Perhaps I'm being unfair linking this anti-transgender policy to Donald Berzilius Trump. It's of great interest to the theocrats in his administration — Severino, Mike Pence, Jeff Sessions, Betsy DeVos, and that ilk — but doesn't benefit Trump or his family personally.

On the other hand, it reverses a policy of the Obama administration, and Trump is more than eager to erase any vestige of his immediate predecessor, no matter what.

If Obama had built that wall across our southern border, Trump would be foaming at the mouth to tear it down.

Tuesday, October 23, 2018

Environmental Stewardship: Procrastinate Now!

by John Berge

The words procrastination and environmental stewardship are seldom linked together, but at this time of year they should be.

Never do today what you can put off until next spring! That is true for at least one chore — the cleaning up of our garden beds. Many butterflies, moths, bees and other insects need that material to protect themselves over the winter.

Monarch butterflies are one of the few insects that seasonally migrate to get out of the cold. The great majority dig into the ground, which is kept relatively soft and at a more even temperature by the layers of leaves and other plant material, or they winter-over in the stems and other parts of dead or dormant plants. They can stay there as adults, eggs, larvae or pupae, depending on the species. If, in an effort to be neat, you pull up the dead annuals and cut down the stalks and leaves of perennials in the fall, you are depriving the beneficial insects of their winter homes and depriving the birds, bats and amphibians of next spring’s sustenance.

Of course, that doesn’t mean you get out of raking the lawn if you are blessed with a lot of trees as we are. If the leaves are not too numerous, chopping them up with the lawn mower and leaving them in place is a good idea. It adds organic matter to the soil and gives extra protection to those bees that burrow into the soil for the winter. Other bees burrow under the bark of trees or downed branches for the winter.

One type of bee does seasonally migrate. Many honey bees migrate in hives on the back of a truck, traveling from crop to crop, starting in Texas or Mexico and spending the summer in beautiful Wisconsin. They don’t fly south by themselves.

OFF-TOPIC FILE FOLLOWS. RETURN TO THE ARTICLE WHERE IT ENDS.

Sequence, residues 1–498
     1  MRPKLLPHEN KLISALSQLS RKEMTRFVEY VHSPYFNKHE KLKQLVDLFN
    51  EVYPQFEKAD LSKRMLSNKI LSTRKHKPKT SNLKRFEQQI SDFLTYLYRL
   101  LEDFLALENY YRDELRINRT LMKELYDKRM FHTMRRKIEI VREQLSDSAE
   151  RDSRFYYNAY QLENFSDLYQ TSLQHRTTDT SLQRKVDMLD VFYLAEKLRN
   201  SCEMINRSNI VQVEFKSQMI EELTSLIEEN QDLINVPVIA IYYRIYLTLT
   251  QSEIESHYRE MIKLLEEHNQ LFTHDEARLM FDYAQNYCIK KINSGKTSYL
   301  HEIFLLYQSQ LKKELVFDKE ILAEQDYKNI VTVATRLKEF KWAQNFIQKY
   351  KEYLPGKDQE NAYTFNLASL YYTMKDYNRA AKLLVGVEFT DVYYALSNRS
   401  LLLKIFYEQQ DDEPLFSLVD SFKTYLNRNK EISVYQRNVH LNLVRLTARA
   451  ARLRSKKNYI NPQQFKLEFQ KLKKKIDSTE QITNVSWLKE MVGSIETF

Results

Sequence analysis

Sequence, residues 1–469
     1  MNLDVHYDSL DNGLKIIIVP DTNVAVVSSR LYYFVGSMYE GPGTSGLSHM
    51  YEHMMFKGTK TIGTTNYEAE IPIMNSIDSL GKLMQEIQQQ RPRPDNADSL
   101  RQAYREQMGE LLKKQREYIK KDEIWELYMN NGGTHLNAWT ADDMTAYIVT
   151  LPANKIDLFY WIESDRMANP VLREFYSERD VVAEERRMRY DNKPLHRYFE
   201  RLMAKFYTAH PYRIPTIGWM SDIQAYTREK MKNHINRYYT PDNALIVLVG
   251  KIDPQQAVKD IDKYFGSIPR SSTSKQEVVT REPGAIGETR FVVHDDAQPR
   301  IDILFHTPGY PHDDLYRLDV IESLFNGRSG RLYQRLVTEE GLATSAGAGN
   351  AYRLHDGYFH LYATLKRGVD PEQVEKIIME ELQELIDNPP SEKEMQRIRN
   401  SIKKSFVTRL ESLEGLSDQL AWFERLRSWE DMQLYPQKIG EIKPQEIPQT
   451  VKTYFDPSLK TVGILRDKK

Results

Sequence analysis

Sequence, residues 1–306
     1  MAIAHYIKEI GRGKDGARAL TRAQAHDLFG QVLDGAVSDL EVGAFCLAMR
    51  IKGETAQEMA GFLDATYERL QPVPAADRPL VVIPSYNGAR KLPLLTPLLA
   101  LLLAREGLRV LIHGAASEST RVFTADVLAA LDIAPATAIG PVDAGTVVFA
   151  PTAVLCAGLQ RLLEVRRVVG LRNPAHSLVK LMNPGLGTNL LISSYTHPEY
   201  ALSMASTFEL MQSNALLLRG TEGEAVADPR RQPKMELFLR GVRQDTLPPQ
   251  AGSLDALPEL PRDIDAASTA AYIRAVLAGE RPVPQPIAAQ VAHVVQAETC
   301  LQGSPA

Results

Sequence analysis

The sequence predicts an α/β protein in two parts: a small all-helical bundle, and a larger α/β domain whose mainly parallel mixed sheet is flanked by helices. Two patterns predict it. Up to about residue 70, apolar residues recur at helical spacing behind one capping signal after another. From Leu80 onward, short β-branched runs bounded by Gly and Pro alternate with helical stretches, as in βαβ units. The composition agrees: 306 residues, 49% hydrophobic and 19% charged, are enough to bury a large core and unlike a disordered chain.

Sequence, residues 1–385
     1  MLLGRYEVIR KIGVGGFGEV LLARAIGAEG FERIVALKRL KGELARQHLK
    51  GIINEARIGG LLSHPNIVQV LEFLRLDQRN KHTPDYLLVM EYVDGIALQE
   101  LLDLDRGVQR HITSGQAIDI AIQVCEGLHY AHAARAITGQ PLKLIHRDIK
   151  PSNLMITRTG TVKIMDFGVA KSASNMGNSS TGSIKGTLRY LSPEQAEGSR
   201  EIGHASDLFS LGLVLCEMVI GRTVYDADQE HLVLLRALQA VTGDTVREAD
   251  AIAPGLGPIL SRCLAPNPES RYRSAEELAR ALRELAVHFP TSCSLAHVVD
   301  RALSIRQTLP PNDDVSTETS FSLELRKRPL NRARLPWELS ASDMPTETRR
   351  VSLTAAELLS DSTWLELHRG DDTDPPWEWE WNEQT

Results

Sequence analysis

Remember, those leaves that are raked up should be composted to use as mulch or to dig into the garden which you put off until next spring. This is good environmental stewardship.

Monday, October 22, 2018

Saturday, October 20, 2018

The Most Important Election of the Second Half of the 1860s

Keeping with Thursday's election year theme, I don't have any good cartoons to share from the 1918 off-year election campaign, so Ulysses S.back Saturday hearkens back another 50 years to the presidential election of 1868.
"Keep the Ball Rolling" by Thomas Nast in Harper's Weekly, New York, September 19, 1868
Banking on his overwhelming popularity as the Union General who accepted Robert E. Lee's surrender at Appomattox, the Republicans nominated Ulysses S. Grant as their standard bearer. Grant didn't have much of a political history; the one and only time he had voted in a presidential election was in 1856 for Democrat James Buchanan (because "I knew Frémont"). But he had come to loathe President Andrew Johnson and happily stepped in when Republicans asked him head their ticket and drive the impeached incumbent out of office.

Grant's brief letter accepting the Republican nomination provided the campaign's catch phrase of "Let us have peace." One could debate whether that sentence in the cartoon is the sound of the Democratic pins clattering down, or their complaint at being bowled over. Ready with a second bowling ball is Grant's running mate, Speaker of the House Schuyler Colfax of Indiana ("Mother of Vice Presidents!").

"A Sea of Troubles" by Thomas Nast in Harper's Weekly, New York, October 3, 1868
Deadlocked in ballot after ballot after ballot, the Democratic Convention finally nominated former New York Governor Horatio Seymour in spite of his repeated Shermanesque protests that he wasn't a candidate, wouldn't run, and wanted to nominate Supreme Court Chief Justice Salmon P. Chase instead.
"The Modern Samson" by Thomas Nast in Harper's Weekly, New York, October 3, 1868
1868 would be the first presidential election in which freed African-American slaves would have the right to vote. "The Modern Samson" depicts "Southern Democracy" having used a blade labeled "Lost Cause Regained" to cut the hair of suffrage from Black citizenry while the Democratic ticket and supporters rejoice in the background. A statue of Andrew Johnson with stone tablets labeled "Veto" sits under the words "I will be your Moses" and atop a pedestal reading "The great Dem Party will rise in might and majesty." Southern newspaper editorials and Ku Klux Klan statements decrying the "lost cause" and arguing that Black Americans "are as babes without experience in government affairs" decorate the walls.